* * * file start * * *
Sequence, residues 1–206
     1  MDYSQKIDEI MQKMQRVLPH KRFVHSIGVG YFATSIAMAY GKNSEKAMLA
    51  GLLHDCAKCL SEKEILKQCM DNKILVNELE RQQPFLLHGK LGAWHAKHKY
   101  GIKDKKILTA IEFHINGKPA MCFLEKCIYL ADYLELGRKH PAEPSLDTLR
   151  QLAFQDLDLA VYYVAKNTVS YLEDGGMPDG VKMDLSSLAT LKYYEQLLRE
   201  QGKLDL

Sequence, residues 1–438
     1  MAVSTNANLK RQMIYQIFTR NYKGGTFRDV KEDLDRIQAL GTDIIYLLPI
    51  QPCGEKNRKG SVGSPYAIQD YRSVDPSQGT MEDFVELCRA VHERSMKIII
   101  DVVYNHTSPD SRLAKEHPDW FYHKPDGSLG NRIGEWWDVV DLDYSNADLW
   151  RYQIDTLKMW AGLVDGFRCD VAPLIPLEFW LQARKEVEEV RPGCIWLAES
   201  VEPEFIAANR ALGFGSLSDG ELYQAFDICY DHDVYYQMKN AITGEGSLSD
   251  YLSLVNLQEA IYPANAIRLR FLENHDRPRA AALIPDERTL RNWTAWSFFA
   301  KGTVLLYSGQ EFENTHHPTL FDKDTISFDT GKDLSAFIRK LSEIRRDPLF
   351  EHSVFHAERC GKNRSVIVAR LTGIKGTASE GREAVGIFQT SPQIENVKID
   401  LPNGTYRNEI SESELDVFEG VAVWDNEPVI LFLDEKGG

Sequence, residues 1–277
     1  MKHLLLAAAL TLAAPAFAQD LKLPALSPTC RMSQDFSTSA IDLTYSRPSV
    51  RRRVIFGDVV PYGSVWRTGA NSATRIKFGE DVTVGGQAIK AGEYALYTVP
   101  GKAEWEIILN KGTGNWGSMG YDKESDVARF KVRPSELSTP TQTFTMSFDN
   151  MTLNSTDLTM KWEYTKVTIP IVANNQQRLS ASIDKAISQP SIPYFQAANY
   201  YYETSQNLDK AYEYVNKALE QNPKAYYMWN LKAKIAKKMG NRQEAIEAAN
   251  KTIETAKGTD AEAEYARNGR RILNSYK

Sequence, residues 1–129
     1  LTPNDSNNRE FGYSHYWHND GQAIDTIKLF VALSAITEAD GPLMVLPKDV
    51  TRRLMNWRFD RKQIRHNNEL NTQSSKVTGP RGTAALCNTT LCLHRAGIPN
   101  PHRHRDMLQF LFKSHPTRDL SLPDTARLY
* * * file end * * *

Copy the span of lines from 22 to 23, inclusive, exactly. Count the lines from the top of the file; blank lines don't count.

   201  YYETSQNLDK AYEYVNKALE QNPKAYYMWN LKAKIAKKMG NRQEAIEAAN
   251  KTIETAKGTD AEAEYARNGR RILNSYK